Centers of Excellence Are A 'Cultural Intervention' For USDA, Says CIO

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The department shows a renewed energy and shift in strategic thinking even in the first phase of the program, Agriculture CIO Gary Washington said.

The Agriculture Department’s IT modernization push and partnership with the General Services Administration’s Centers of Excellence are changing its very culture, its chief information officer said Tuesday.

Agriculture CIO Gary Washington said the department is seeing renewed energy in its modernization efforts, as well as a change in strategic thinking from the top down. During a panel at the 2018 CFO/CIO Summit hosted by the Association of Government Accountants and the Association for Federal Information Resources Management, he credited this transformation to the department’s work with the Centers of Excellence.

The department is the test agency for the first five centers, which each focus on different areas: customer experience, cloud adoption, infrastructure optimization, contact centers and service delivery analytics.

The centers are in the first phase, in which contractors assess the department’s current state in the focus areas and develop plans to strengthen the department’s posture in each. That work will take approximately six months, Washington said.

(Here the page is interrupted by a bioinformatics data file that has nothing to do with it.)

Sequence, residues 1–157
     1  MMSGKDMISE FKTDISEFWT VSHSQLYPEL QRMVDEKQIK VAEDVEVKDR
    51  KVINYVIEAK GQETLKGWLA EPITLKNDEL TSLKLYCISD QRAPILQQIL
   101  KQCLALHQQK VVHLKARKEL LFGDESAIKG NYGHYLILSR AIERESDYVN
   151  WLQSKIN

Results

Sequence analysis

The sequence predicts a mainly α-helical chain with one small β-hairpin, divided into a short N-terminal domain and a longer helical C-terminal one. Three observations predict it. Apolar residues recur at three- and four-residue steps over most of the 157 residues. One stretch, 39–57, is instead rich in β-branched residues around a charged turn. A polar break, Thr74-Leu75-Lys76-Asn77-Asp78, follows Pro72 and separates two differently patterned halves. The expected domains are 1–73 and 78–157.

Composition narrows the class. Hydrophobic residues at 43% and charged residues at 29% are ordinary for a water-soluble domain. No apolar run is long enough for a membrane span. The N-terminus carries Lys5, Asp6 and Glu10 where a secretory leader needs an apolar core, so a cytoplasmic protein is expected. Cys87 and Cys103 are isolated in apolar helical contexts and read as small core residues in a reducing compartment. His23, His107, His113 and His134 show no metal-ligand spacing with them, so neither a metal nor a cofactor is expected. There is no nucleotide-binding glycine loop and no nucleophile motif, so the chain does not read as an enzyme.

Once completed, the program will move into phase two, in which vendors—and not the ones picked to do the assessments—will bid on the implementation work to fill the gaps identified during phase one. The second phase is expected to last two to three years, Washington said.

If all goes according to plan, the lessons learned and frameworks created through the centers will assist other agencies in their modernization efforts. Washington was optimistic but noted this is a big if.

“This is a massive undertaking,” he said. “It’s not just about IT. It’s about changing the culture for us—asking people to think differently about how they receive services and how they deliver services. The Centers of Excellence have come in and started a cultural intervention at USDA.”

While the initial work on phase one is just beginning, Washington said the department is not waiting to take action. The project has infused the department with new energy, he said, and people are eager to get things done.

“The assessments are not the only thing that have gone on. We’re actually implementing things along the way,” he said, citing the Farmers.gov app, which was the result of the close working relationship between Agriculture and GSA.

Along with IT improvement, the department has also undergone some structural changes in IT leadership. For instance, the number of agency CIOs was reduced from 22 to 18 “in order to better communicate and collaborate,” Washington said.

“That’s going to be mimicked in other administrative areas, as well,” he added. “That’s forcing people to take the roles—especially in mission areas—more seriously and it’s become a more strategic discussion about how do you deliver IT services and how do you partner with the CFO and the chief acquisition officers and [chief human capital officers] at the department level.”